I find it unbelievable that in these supposed enlightened times a landowner can be so irresponsible as to allow horses to trample all around and over a banked cairn of a Scheduled Monument without making any attempt whatsoever of safeguarding it first. It beggars belief that in this day and age, someone can be so lacking in respect or concern for our heritage.

The quoit has stood in this field for some 5,000+ years and we have been allowed free access to it for as long as memory serves. It is Cornwall’s finest remaining fully standing cromlech and it is irresponsible acts such as this that can remove that access to us, but worse still, see the ultimate demise of Cornwall’s real jewel in the crown… our Megalithic Masterpiece… Trethevy Quoit.

Roy Goutté

5,000 + years of our heritage under siege by inconsiderate landowners and horses


Deutsche Welle reports that –
Everyone should have access to Germany’s cultural heritage. That’s the goal of a new multimedia portal, the German Digital Library. It encompasses sources from 1,800 cultural and academic institutions.
The website is still in the trial phase and there are a few rough edges to smooth out, but that will soon be resolved. The Deutsche Digitale Bibliothek (DDB), or “German Digital Library,” is set to be an online collection of knowledge like no other.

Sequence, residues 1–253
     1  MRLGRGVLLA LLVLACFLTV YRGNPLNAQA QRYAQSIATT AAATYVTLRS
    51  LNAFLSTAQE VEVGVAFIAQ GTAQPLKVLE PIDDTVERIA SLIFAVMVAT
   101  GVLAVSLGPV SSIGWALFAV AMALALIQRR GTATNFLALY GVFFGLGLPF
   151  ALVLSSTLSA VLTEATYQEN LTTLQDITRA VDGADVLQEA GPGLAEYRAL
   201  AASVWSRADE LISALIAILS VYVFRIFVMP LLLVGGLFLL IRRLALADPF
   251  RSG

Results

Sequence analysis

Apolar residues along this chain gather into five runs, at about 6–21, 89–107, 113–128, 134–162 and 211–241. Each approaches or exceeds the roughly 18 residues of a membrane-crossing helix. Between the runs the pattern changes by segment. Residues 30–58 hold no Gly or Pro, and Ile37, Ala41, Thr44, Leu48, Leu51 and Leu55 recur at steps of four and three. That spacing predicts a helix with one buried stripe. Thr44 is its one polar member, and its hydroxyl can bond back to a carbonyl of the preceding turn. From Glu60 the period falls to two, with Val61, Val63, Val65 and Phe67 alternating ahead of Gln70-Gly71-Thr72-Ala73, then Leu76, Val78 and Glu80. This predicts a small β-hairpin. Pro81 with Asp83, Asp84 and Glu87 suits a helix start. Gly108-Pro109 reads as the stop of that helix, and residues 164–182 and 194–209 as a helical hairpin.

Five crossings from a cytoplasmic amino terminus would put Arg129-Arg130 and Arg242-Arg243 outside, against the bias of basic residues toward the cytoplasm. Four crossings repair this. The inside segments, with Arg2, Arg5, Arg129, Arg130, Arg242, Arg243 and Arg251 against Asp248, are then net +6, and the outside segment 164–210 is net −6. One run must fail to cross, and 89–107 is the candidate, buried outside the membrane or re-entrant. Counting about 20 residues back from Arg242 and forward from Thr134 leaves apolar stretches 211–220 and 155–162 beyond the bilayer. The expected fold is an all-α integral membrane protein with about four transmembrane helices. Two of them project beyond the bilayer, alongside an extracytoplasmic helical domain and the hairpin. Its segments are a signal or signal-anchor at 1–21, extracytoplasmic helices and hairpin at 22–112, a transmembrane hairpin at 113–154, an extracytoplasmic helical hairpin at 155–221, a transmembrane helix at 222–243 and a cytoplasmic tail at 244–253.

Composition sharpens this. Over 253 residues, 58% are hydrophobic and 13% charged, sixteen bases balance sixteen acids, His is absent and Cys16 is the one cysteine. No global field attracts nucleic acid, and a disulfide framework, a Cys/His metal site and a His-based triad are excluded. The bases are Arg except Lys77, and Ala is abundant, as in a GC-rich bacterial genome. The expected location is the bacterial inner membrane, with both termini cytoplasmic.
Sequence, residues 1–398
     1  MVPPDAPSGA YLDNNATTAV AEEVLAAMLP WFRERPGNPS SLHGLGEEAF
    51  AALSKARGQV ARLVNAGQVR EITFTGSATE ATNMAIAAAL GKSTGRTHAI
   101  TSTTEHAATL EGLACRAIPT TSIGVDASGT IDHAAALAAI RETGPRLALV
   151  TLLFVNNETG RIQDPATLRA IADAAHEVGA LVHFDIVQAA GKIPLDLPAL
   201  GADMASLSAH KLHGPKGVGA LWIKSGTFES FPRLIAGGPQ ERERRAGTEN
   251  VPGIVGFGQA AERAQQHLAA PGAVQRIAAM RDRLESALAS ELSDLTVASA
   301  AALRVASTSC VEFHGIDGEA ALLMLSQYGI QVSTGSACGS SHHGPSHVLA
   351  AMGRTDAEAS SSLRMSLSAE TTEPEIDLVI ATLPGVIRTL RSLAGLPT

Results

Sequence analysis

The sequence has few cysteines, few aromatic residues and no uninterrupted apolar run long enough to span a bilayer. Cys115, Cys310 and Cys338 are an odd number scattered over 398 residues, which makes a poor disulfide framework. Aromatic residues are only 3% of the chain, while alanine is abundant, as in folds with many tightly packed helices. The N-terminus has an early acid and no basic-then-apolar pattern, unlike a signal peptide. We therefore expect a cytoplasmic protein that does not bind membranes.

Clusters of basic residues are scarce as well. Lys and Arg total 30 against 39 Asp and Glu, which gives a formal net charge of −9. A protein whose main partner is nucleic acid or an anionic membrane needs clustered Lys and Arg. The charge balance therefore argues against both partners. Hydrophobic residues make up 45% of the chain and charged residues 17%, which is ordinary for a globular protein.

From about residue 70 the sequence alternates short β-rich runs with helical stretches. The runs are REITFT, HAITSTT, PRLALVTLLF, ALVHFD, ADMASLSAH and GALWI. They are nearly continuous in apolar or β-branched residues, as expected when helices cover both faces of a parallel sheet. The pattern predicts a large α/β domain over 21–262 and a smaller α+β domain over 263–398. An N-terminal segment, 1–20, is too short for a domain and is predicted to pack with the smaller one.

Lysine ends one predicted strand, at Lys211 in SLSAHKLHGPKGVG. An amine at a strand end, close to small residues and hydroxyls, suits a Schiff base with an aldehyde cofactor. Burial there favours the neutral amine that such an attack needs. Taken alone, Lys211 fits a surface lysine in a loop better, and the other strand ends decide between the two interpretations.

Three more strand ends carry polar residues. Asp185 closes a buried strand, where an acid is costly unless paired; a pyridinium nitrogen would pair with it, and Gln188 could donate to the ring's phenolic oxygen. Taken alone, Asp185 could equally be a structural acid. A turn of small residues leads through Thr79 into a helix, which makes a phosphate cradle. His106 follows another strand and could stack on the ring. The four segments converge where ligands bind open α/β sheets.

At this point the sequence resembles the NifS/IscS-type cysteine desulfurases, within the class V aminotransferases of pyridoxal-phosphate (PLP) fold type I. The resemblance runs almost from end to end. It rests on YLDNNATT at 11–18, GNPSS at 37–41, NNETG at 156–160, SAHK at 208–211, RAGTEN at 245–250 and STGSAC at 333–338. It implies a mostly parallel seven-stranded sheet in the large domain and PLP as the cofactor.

The German Digital Library aims to be a network of culture and research, a unique archive of the cultural consciousness of Germany. And Europe, since the DBB constitutes another building block of the European online culture portal “Europeana,” a single access point to millions of books, paintings, films, museum objects and archival records that have been digitized throughout Europe.
More here.

Mary Leakey. Source Wikipedia. Image credit National Institutes of Health

Mary Leakey (6 February 1913 – 9 December 1996) would have been 100 last Wednesday. She spent a great deal of her life at Olduvai Gorge in eastern Africa with her husband Louis. Olduvai Gorge is seen as the cradle of humanity, though there would be some who would disagree with that. As far as evolution goes however you’ve got to start somewhere. It is still good though to recognise a woman who actually began as a so-called amateur and ended up being an expert in her subject (her son still continues the family tradition).
So, to all explorers and archaeologists who work ‘in the field’ a toast, and a belated happy birthday to Mary Leakey.
More on Mary Leakey here.

The Euston Arch in its heyday

“The Euston Arch was a powerful symbol of the optimistic spirit of the Victorian railway. Its demolition in the 1960s confirmed that blandness and lack of imagination had replaced the heroic vision of the past. Completed in May 1838, it was the centrepiece of Euston Station, the world’s first main line terminus in a capital city. Built on a huge scale, it symbolized modernity and new links between London and the north. It was the first great monument of the railway age, which Britain pioneered.”

Demolition of The Euston Arch in 1962